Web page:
• well over 200 books,
  • over 50 CDs,
  • over 80 DVDs and videos,
  • 6 pairs of jeans,
  • 8 black tank tops - all identical
  • 31 tops - shirts, t-shirts, tops and jackets (yes, really!), but I only wear about 10 of them with any sort of regularity
  • 6 pairs of black capri pants - all virtually identical (only their mother can tell them apart? *lol*)
  • 12 different types of moisturisers and face gooks
  • 6 lipsticks - all virtually the same colour
  • 18 pairs of undies - do I really need that many?

The list goes on. At lest, that was the list. It's now siginficantly reduced, with a lot of it sold and/or gone to charities.

I had so much stuff that I didn't even know what I had. But the scary thing, as I have gone through it all this year, has been realising how many thousands of dollars I have wasted on all this junk.

You see, at some point in my life, every one of these items MUST have been deemed 'necessary' to me, for me to have bought it.
Every one of these items was paid for in cold hard cash (or Visa - don't leave home without it!)
Every one of these items I 'just had to have'.

Or did I? Did I even know why I bought all this junk?
Was it for the thrill of the chase?
For the joy of the hunt (I used to love shopping, and still get a buzz from it on the rare ocassional these days when my wallet opens and the moths get a chance to spread their wings).
Did I just buy it for 'something to do'?

I bought CRAP because I thought it would make me happier. And during the hunt for the 'perfect' item, it almost would - for a moment. If I wasn't shopping or eating, I was thinking about shopping or eating. Whichever way you look at it, I was burying my boredom and the blah-ness of my life under a big pile of CRAP.

Which brings us to 2006

And here I am, three-quarters of the way through the year, confronted with a life that is fulfilling (albeit exhausting!), a weight problem that is no longer a weight problem because I've finally dealt with the reality that eating doesn't solve problems (sounds simple, doesn't it? But it's been really hard for me to get to this point), and a big pile of fungusey-clingy, CRAP that is taking a long time to disperse from my life.

Confronting the CRAP has made me realise that buying things never did make me happy. What would have made me happy would have been paying off the mortgage a damn sight faster than we have been doing, which we could have done had I not been buying so much CRAP.

I suppose I should consider myself a moderate CRAP collector - at least I never threw myself into debt. We have never had credit card problems, have always paid the balance on time, and have managed to get significantly ahead on our substantial mortgage. But that doesn't mean I shouldn't learn from my faults.

Staring at the past

It actually really helps, and is therapeutic, to shove everything we don't need anymore into a big pile and to look at it. To just look at it. In a way, it's accepting what I have done. It's owning up to my own foolishness. Owning up to the person I wanted to be and never was, and to the person that I actually became - a junk collector who spent way too much money trying to live someone else's dream.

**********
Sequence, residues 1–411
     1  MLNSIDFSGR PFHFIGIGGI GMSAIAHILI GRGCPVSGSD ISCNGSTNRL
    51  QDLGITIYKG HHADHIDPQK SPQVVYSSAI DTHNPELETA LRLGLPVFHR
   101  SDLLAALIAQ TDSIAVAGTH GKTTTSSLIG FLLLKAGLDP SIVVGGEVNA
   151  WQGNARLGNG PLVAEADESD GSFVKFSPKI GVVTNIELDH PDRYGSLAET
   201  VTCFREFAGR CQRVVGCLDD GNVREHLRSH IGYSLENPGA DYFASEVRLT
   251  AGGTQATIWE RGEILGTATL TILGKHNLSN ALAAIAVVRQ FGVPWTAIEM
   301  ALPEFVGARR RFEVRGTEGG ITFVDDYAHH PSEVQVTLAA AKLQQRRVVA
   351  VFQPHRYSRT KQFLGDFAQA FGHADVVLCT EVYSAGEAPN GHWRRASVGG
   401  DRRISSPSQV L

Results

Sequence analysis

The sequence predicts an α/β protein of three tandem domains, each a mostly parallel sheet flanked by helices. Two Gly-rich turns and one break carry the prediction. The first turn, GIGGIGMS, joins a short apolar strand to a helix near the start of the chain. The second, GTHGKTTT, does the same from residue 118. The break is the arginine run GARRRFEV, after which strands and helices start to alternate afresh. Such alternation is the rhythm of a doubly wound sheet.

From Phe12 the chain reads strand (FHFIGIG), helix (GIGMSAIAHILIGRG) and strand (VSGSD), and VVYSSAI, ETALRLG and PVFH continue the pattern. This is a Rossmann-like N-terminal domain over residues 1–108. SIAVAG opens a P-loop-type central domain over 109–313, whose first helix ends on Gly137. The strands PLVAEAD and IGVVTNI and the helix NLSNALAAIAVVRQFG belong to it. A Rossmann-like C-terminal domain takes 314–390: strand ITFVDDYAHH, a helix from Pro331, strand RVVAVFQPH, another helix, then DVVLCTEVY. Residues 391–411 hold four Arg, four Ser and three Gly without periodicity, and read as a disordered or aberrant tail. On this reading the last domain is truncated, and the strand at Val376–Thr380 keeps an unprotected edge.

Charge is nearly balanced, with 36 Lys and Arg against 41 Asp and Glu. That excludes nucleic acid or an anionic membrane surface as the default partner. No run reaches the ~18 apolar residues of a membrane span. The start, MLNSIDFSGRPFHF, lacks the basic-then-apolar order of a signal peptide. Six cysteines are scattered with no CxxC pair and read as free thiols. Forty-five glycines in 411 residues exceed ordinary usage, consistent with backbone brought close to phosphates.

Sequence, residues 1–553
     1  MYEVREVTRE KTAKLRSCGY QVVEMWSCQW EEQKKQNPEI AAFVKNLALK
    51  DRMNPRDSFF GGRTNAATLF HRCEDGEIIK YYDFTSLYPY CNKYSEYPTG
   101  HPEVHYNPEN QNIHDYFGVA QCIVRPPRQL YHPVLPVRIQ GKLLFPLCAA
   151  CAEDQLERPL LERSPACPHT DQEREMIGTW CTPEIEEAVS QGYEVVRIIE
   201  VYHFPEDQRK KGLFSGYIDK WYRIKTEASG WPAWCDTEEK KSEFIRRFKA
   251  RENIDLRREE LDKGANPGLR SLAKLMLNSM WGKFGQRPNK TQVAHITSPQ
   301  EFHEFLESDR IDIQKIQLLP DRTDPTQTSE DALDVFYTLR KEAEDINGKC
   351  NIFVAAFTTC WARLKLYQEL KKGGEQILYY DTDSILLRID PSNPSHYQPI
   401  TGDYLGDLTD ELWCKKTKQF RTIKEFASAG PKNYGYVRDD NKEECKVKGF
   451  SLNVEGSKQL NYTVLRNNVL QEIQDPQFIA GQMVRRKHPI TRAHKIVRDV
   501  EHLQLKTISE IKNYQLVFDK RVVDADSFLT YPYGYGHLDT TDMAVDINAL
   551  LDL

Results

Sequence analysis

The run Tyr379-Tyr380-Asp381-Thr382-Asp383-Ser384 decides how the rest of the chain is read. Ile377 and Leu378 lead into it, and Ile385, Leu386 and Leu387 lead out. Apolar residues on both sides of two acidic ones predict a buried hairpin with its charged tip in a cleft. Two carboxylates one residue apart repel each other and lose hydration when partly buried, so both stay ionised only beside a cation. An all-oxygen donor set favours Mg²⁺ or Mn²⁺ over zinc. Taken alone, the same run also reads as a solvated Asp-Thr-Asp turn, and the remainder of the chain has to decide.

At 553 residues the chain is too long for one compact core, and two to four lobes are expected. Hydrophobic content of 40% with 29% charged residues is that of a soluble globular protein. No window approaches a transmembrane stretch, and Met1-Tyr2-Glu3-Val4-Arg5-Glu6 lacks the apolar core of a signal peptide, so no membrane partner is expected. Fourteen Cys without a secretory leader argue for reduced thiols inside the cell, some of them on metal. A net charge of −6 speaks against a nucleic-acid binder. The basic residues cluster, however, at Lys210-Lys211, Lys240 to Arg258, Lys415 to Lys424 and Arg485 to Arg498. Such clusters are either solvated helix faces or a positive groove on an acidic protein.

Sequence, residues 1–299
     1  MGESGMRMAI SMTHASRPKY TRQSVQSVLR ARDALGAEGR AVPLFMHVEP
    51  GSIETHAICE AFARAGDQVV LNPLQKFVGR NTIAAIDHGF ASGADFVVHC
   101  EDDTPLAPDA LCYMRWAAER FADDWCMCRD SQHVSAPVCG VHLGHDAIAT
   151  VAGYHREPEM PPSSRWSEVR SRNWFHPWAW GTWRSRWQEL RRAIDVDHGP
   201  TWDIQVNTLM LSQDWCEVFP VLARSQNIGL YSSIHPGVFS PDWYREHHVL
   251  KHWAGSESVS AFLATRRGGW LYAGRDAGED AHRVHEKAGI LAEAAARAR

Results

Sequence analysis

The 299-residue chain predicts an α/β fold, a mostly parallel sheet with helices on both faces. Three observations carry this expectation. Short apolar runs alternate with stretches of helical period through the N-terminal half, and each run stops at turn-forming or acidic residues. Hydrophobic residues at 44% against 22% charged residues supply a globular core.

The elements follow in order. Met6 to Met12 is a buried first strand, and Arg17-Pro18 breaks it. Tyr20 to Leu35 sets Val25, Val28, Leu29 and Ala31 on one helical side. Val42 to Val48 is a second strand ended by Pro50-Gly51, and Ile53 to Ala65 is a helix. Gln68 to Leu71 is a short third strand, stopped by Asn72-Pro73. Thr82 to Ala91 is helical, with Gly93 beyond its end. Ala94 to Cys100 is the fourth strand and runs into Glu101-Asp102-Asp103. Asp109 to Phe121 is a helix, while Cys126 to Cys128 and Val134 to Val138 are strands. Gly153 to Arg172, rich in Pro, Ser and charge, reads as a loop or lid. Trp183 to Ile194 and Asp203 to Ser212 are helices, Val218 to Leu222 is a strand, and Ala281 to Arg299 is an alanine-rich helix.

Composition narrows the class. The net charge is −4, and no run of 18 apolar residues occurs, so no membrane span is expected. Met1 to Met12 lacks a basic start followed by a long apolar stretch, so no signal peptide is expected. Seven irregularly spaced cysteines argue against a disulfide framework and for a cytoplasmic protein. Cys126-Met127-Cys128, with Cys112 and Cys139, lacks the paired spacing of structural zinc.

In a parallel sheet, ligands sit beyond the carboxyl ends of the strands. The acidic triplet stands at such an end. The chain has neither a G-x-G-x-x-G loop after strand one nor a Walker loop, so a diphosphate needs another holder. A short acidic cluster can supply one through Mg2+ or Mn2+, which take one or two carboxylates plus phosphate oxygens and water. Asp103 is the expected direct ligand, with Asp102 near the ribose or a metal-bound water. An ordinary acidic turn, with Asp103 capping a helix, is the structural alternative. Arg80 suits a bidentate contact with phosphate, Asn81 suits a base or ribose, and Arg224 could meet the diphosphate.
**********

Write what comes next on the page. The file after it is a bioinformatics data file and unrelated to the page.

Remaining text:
The Year Of The Cull has taught me to value myself, my body, my time and my money. I'm still learning, and still making mistakes, but I'm improving.

Most importantly, I'm learning that it's all very well to talk of being vegan, or reducing water use, or cutting back on car use, or whatever. But if you're buying more stuff every week and your home is bursting at the seams with belongings like mine was, then maybe sustainability really needs to start with a Year Of The Cull and a big pile of CRAP in your shed to donate to more far more needy crap-collectors than you out there.

Just a bit of food for thought.

Industrial Society Destroys Mind and Environment

The link between Mind and Social / Environmental-Issues.

The fast-paced, consumerist lifestyle of Industrial Society is causing exponential rise in psychological problems besides destroying the environment. All issues are interlinked. Our Minds cannot be peaceful when attention-spans are down to nanoseconds, microseconds and milliseconds. Our Minds cannot be peaceful if we destroy Nature.

Industrial Society Destroys Mind and Environment

Subject : In a fast society slow emotions become extinct.
Subject : A thinking mind cannot feel.
Subject : Scientific/ Industrial/ Financial thinking destroys the planet.
Subject : Environment can never be saved as long as cities exist.

Emotion is what we experience during gaps in our thinking.

If there are no gaps there is no emotion.

Today people are thinking all the time and are mistaking thought (words/ language) for emotion.

When society switches-over from physical work (agriculture) to mental work (scientific/ industrial/ financial/ fast visuals/ fast words ) the speed of thinking keeps on accelerating and the gaps between thinking go on decreasing.

There comes a time when there are almost no gaps.

People become incapable of experiencing/ tolerating gaps.

Emotion ends.

Man becomes machine.

A society that speeds up mentally experiences every mental slowing-down as Depression / Anxiety.

A ( travelling )society that speeds up physically experiences every physical slowing-down as Depression / Anxiety.

A society that entertains itself daily experiences every non-entertaining moment as Depression / Anxiety.